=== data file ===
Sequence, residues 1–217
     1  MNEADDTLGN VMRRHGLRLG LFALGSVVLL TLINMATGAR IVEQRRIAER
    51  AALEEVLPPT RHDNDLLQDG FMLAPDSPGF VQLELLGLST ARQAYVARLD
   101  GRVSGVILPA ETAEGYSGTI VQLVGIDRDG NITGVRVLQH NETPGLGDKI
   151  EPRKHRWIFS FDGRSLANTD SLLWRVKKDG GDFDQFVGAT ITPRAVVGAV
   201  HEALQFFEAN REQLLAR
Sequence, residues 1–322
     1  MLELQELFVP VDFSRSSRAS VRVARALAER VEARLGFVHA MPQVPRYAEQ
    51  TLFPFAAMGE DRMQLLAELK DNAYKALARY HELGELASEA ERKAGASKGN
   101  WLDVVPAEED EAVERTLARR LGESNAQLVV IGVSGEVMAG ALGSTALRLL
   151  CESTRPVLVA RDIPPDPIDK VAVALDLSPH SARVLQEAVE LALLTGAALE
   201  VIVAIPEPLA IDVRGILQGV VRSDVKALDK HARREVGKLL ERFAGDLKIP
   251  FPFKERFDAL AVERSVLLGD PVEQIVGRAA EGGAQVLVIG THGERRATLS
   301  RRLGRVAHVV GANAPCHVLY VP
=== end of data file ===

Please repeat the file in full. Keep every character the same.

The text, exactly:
Sequence, residues 1–217
     1  MNEADDTLGN VMRRHGLRLG LFALGSVVLL TLINMATGAR IVEQRRIAER
    51  AALEEVLPPT RHDNDLLQDG FMLAPDSPGF VQLELLGLST ARQAYVARLD
   101  GRVSGVILPA ETAEGYSGTI VQLVGIDRDG NITGVRVLQH NETPGLGDKI
   151  EPRKHRWIFS FDGRSLANTD SLLWRVKKDG GDFDQFVGAT ITPRAVVGAV
   201  HEALQFFEAN REQLLAR
Sequence, residues 1–322
     1  MLELQELFVP VDFSRSSRAS VRVARALAER VEARLGFVHA MPQVPRYAEQ
    51  TLFPFAAMGE DRMQLLAELK DNAYKALARY HELGELASEA ERKAGASKGN
   101  WLDVVPAEED EAVERTLARR LGESNAQLVV IGVSGEVMAG ALGSTALRLL
   151  CESTRPVLVA RDIPPDPIDK VAVALDLSPH SARVLQEAVE LALLTGAALE
   201  VIVAIPEPLA IDVRGILQGV VRSDVKALDK HARREVGKLL ERFAGDLKIP
   251  FPFKERFDAL AVERSVLLGD PVEQIVGRAA EGGAQVLVIG THGERRATLS
   301  RRLGRVAHVV GANAPCHVLY VP